Social Media Workshop


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Higher Education presentation re: social media and student engagement

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  • Background about presenterWelcome! So glad you’re able to take a moment to have this conversation about what social media is (and isn’t), how and why other grad departments are using it, and why it’s important to consider folding it into your communications with prospective and current students as well as alumni.
  • social media overviewbest practicesnext steps
  • Last month we sent out a survey inquiring about tools you used to communicate with current and prospective students. May use a combination of email, phone, postal mail to communicate with students—integrated approachinterest in learning about social mediahow to use it
  • Survey results: 88% or 30 use email to communicate w/ current & prospective students—direct them to links,35%: phone calls
  • Survey results: Of all social media use, FB is highest.
  • Facebook growing another 14.9% from December to January, the site now reaches 68.5 million people each month, versus 58.5 million for MySpace.Data provided by CompeteGrowth rates:
  • In the same time span, MySpace dropped by 4% and Facebook grew by 228%. Data is from Nielson Online
  • Tweet on Thursday-Friday. Most active
  • -it’s not a one-way street-if social media has taught us anything, it’s that people value a conversation rather than being talked at
  • Something new will come along. Be ready for that Don’t pour all your time into this changing media. Understand how to use it most efficiently and integrate it into your recruitment and communication plans.
  • Just because it reaches millions, doesn’t mean it will reach your audienceHow will you stand out?
  • Not meant to replace your current communication channels—use it to supplement. Have an integrated communication approach.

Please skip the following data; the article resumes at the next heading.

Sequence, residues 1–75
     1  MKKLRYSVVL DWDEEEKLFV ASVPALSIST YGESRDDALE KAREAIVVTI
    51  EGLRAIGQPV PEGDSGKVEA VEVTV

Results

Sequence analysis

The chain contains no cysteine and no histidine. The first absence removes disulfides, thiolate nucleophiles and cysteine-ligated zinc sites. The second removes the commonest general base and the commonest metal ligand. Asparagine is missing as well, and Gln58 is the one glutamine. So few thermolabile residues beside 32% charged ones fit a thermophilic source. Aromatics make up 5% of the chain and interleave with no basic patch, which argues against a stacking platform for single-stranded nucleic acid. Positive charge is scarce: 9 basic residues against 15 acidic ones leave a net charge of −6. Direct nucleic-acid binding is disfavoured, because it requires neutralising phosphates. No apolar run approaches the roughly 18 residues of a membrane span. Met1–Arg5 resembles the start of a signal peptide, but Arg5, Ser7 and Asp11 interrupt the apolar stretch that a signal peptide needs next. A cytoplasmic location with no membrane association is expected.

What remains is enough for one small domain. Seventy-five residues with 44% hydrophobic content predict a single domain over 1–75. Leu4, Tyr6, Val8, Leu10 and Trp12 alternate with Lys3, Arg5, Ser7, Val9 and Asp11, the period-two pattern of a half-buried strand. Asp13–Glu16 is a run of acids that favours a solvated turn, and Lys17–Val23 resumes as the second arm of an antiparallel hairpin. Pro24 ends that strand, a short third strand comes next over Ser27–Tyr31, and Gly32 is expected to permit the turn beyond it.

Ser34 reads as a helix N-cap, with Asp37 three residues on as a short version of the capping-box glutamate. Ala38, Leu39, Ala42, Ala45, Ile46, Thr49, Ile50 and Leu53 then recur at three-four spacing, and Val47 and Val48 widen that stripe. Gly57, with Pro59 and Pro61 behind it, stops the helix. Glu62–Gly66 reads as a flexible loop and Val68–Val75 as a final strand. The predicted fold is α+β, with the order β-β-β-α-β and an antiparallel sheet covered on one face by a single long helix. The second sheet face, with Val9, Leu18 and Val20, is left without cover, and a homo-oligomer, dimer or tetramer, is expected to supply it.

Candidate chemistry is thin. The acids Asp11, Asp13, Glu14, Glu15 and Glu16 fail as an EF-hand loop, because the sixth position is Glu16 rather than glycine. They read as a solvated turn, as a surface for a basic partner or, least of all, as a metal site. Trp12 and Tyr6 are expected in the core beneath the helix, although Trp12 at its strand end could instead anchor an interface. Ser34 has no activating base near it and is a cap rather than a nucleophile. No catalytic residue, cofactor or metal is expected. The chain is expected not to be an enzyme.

• A tool to engage a wider audience
  • A transparent conversation with people you are building relationships withA community of people who are energized about communicating the work you do
  • Listening and responding
  • Feature video when you can
  • Feature video when you can
  • Tag people. Then their friends will see it and so on
  • Understand your audience
  • Encourage user generated content: students, faculty, other communities with which you interact
  • Teach everyone to be a communicatorTake every opportunity to tell your story—this means getting faculty/staff/student in the habit of collecting/sharing accomplishments.It is up to the Public Affairs professionals at each level to teach and enforce Air Force new media policy, by training and educating every Airman on the proper use and techniques for engaging in new media:
  • Post weekly—stay current!It’s ok to keep a running list of factoids that you’d like to share with your community, but be sure to share breaking news in a timely manner.No piles on your desk.
  • Use photos! We like to find people we can identify with. As often as possible, use photos of students, faculty and staff in your departments.